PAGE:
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Making Modern Muslims

Making Modern Muslims: The Politics of Islamic Education in Southeast Asia

Edited by Robert W. Hefner
Copyright Date: 2009
https://www.jstor.org/stable/j.ctt6wqvz8
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  • Book Info
    Making Modern Muslims
    Book Description:

    When students from a Muslim boarding school were convicted for the 2002 terrorist bombings in Bali, Islamic schools in Southeast Asia became the focus of intense international scrutiny. Some analysts have warned that these schools are being turned into platforms for violent jihadism. Making Modern Muslims is the first book to look comparatively at Islamic education and politics in Southeast Asia. Based on a two-year research project by leading scholars of Southeast Asian Islam, the book examines Islamic schooling in Malaysia, Indonesia, Thailand, Cambodia, and the southern Philippines. The studies demonstrate that the great majority of schools have nothing to do with violence but are undergoing changes that have far-reaching implications for democracy, gender relations, pluralism, and citizenship. Making Modern Muslims offers an important reassessment of Muslim culture and politics in Southeast Asia and provides insights into the changing nature of state-society relations from the late colonial period to the present. It allows us to better appreciate the astonishing dynamism of Islamization in Southeast Asia and the struggle for Muslim hearts and minds taking place today. Timely and readable, this volume will be of great interest to teachers and specialists of Islam and Southeast Asia as well as the general reader seeking to understand the great transformations at work in the Muslim world.

    eISBN: 978-0-8248-6346-3
    Subjects: Political Science, Sociology

Table of Contents

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  1. Front Matter
    (pp. i-iv)
  2. Table of Contents
    (pp. v-vi)
  3. ACKNOWLEDGMENTS
    (pp. vii-viii)
    ROBERT W. HEFNER
  4. A NOTE ON SPELLING AND TRANSLITERATION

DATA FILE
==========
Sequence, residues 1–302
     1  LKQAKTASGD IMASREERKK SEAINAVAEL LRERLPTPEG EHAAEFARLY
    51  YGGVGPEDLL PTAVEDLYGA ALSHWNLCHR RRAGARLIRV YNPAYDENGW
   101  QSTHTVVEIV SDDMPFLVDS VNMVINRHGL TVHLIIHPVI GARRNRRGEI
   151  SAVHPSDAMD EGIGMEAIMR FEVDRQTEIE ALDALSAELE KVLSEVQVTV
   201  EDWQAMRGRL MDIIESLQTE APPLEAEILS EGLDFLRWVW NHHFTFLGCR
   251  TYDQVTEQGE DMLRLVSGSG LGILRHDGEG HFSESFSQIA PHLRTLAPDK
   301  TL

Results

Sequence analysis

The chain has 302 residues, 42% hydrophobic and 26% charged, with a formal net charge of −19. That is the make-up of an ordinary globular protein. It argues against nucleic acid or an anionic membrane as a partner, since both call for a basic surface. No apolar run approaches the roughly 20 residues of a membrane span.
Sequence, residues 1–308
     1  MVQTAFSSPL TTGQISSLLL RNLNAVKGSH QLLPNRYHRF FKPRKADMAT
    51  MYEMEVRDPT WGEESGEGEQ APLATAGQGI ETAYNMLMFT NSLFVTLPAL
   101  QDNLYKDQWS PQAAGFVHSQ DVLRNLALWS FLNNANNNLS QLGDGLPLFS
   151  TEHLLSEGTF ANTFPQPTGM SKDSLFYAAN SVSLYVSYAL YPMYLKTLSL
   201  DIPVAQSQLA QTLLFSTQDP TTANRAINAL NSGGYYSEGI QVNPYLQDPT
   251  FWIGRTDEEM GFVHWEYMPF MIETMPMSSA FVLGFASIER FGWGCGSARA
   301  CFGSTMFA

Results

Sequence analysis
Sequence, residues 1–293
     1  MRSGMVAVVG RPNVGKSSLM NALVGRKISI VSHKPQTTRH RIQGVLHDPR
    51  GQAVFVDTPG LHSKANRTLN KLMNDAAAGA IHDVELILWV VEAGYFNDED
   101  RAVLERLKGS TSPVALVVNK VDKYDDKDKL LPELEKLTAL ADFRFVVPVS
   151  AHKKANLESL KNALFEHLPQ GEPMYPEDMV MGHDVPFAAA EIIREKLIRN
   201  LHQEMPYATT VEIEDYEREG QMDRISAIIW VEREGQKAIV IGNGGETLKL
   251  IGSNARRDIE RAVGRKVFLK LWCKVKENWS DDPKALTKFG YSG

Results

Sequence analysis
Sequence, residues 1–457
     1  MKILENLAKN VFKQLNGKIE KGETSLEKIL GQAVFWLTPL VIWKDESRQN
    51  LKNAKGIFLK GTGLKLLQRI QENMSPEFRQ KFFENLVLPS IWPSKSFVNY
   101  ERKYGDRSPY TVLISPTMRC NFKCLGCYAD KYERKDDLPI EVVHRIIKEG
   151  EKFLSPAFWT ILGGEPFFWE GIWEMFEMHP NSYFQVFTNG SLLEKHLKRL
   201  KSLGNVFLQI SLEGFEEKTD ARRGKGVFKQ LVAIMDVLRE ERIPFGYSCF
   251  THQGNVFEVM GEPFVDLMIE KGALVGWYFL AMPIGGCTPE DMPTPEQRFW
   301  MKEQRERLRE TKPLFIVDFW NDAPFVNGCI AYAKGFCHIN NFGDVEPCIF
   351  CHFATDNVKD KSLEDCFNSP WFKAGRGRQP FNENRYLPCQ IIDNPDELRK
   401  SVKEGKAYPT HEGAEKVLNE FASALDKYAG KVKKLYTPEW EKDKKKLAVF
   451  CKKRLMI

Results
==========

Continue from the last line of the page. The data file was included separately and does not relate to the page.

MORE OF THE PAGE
(pp. ix-ix)
  5. 1 INTRODUCTION: THE POLITICS AND CULTURES OF ISLAMIC EDUCATION IN SOUTHEAST ASIA
    (pp. 1-54)
    ROBERT W. HEFNER

    Since the 9/11 attacks in the United States and the October 2002 Bali bombings in Indonesia, Islamic schools in Southeast Asia have been the focus of international attention. The young men responsible for the Bali attack, in which more than two hundred people died, had been students at an Islamic boarding school in East Java and had ties to the al-Mukmin boarding school in Central Java. Al-Mukmin is the home of Abu Bakar Ba‘asyir, a senior Islamic scholar who is alleged to have been the spiritual leader of the Jemaah Islamiyah (JI), an underground organization that has engaged in a...

  6. 2 ISLAMIC SCHOOLS, SOCIAL MOVEMENTS, AND DEMOCRACY IN INDONESIA
    (pp. 55-105)
    ROBERT W. HEFNER

    Events in the early 2000s cast a pall over Indonesia’s 47,000 Islamic schools. Just a few years earlier, in the late 1980s, the state Islamic university system had initiated curricular reforms that transformed it into one of the most forward-looking in the entire Muslim world.¹ In the 1990s, students and faculty from the same system played a proud role in Indonesia’s democracy movement, one of the largest the Muslim world has ever seen.² Following the collapse of President Soeharto’s “New Order” regime (1966–May 1998), however, radical Islamist paramilitaries (laskar) with ties to conservative Islamist boarding schools (pesantren) sprang up...